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Australian, New Zealand dollars hug hefty weekly gains despite trade jitters
[SYDNEY] The Australian and New Zealand dollars were holding hefty weekly gains on Friday as an upbeat report on Chinese manufacturing helped offset fresh jitters over Sino-US trade talks.
A private business survey out on Friday showed China's factory activity unexpectedly expanded at the fastest pace in well over two years in October as new export orders rose and plants ramped up production.
The Aussie edged back up to US$0.6905, though that was short of Thursday's three-month top at US$0.6929. It was 1.2 per cent higher for the week so far and comfortably above the week's low of US$0.6811. Immediate chart support now rests at US$0.6883.
The New Zealand dollar firmed to US$0.6432 and away from its recent trough at US$0.6335. That left the kiwi with a 1.3 per cent gain for the week so far and testing tough resistance around the October top of US$0.6435.
Both had dipped overnight when Bloomberg reported Chinese officials have doubts about whether it is possible to reach a comprehensive long-term trade deal with Washington and US President Donald Trump.
Mr Trump, however, later said the two sides would soon announce a new site where he and Chinese President Xi Jinping will sign a "Phase One" trade deal.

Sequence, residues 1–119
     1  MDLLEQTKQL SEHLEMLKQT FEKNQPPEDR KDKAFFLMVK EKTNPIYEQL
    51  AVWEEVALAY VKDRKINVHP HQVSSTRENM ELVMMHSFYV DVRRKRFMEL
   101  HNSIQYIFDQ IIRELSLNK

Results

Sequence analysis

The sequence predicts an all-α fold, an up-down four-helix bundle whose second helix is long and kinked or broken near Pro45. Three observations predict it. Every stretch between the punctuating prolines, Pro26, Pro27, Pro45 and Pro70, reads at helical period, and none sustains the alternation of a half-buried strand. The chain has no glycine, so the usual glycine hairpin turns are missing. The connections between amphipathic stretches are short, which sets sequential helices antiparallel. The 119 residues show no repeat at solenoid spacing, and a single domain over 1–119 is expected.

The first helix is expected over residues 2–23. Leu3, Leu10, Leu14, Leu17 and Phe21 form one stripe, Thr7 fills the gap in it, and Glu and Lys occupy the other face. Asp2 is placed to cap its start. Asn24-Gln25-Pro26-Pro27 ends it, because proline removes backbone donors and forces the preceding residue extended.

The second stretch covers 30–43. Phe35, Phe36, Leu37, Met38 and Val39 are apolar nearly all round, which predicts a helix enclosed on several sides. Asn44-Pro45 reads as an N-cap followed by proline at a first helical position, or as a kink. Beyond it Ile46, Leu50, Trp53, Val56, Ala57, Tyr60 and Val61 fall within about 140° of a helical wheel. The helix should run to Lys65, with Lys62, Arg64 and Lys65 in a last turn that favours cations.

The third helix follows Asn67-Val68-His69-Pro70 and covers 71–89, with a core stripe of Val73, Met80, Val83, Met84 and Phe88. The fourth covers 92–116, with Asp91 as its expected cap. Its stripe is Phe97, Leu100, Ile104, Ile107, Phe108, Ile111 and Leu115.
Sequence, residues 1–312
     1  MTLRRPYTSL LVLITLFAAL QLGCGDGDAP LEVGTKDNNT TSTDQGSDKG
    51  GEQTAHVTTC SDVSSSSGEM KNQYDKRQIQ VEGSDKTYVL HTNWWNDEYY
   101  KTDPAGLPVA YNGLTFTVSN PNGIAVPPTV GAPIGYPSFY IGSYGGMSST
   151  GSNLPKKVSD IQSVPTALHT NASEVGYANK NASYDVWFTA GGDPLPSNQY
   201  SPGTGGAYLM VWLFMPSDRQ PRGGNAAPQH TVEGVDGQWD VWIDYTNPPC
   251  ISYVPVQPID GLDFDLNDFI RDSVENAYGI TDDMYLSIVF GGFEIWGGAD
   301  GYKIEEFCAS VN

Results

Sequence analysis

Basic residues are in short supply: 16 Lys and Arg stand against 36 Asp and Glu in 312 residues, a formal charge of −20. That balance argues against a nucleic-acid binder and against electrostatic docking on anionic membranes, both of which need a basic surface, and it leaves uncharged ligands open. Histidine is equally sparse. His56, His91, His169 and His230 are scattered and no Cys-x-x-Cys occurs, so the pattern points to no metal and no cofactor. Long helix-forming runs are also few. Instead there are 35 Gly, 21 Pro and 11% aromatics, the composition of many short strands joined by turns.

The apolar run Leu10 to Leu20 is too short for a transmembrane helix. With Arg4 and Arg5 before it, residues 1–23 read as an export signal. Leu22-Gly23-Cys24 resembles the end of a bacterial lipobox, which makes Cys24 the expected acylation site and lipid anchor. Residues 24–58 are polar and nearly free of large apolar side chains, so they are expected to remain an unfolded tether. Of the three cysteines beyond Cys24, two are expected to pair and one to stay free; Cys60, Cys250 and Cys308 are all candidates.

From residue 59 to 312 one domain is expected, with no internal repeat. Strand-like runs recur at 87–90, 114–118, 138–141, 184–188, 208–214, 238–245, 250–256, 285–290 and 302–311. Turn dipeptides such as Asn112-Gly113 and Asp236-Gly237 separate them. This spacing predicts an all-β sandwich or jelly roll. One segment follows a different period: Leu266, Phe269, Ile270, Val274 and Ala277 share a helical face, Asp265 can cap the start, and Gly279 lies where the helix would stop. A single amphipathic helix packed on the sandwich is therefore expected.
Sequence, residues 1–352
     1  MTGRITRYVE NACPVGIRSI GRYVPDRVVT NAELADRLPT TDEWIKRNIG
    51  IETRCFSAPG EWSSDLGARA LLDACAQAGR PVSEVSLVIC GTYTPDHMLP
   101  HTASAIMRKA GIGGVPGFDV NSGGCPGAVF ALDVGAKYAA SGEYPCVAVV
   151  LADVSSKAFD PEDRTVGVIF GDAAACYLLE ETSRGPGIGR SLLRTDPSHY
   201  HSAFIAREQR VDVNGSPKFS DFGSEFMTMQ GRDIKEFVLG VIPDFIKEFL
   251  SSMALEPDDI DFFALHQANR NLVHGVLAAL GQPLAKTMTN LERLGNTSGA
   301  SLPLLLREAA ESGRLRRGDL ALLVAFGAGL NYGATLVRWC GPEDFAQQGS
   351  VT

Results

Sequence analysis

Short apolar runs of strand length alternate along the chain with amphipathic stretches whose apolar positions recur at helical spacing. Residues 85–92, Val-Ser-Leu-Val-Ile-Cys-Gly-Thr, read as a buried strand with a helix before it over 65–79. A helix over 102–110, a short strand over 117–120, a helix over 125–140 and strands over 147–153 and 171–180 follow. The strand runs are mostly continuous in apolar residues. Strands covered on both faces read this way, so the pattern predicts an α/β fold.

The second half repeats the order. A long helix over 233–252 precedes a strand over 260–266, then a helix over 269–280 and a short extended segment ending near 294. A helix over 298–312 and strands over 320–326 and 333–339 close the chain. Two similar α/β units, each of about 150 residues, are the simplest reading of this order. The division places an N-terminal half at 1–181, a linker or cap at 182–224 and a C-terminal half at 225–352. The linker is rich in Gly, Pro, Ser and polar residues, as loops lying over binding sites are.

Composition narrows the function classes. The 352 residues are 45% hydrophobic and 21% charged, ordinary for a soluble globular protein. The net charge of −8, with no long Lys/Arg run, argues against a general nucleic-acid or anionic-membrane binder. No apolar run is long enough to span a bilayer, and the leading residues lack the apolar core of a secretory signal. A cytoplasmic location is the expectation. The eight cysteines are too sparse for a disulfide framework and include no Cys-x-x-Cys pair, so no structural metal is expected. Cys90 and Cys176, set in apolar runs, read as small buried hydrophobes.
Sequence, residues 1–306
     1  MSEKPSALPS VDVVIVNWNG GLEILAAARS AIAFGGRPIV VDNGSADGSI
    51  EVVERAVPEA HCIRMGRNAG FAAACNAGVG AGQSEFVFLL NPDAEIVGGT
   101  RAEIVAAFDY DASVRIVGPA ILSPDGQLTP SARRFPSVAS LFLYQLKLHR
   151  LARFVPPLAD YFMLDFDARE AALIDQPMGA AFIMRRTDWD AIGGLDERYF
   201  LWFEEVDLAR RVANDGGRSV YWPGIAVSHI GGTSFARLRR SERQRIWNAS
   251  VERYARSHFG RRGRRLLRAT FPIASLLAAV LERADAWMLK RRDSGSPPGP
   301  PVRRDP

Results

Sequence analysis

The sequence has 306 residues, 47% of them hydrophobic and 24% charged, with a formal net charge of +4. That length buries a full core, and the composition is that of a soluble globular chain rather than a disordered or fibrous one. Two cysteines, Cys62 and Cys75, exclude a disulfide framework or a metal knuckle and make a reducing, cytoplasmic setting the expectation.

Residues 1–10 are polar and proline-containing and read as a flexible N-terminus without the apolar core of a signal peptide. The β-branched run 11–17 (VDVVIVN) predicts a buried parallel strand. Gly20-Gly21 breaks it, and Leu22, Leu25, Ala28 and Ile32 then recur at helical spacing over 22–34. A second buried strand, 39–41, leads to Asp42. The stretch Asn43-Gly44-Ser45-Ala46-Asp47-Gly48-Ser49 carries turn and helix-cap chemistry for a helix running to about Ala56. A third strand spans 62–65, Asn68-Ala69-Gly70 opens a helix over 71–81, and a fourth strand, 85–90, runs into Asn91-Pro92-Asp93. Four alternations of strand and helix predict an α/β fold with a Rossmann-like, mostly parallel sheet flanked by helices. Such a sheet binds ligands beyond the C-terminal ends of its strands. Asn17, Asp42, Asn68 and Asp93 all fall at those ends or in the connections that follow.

The uncertainty was enough to see the market price in a slightly greater chance of a future rate cut by the Reserve Bank of Australia (RBA), though a move at its Nov 5 policy meeting is considered highly unlikely.
A December rate cut is also put at a modest 24 per cent probability, rising to 48 per cent by February.
Data out on Friday showed past easings were working to reignite the housing market, with prices jumping in October by the most since mid-2015.
Prices across the capital cities rose 1.4 per cent in the month, led by a 2.3 per cent surge in Melbourne - the best performance since 2009 - and a 1.7 per cent jump in Sydney.
"However, so far, there are limited signs that it has boosted consumer spending," said Paul Bloxham, HSBC's chief economist for Australia.
"Looking ahead, the key factor is the jobs market," he added. "Our central case is that the unemployment rate may edge a little higher yet, and with this in mind, we expect the central bank to cut again to 0.50 per cent, in Q1 2020."
The concerns over trade were enough to lift three-year Australian bond futures 2 ticks to 99.215, and off the week's low of 99.225. The 10-year contract firmed 3 ticks to 98.8900.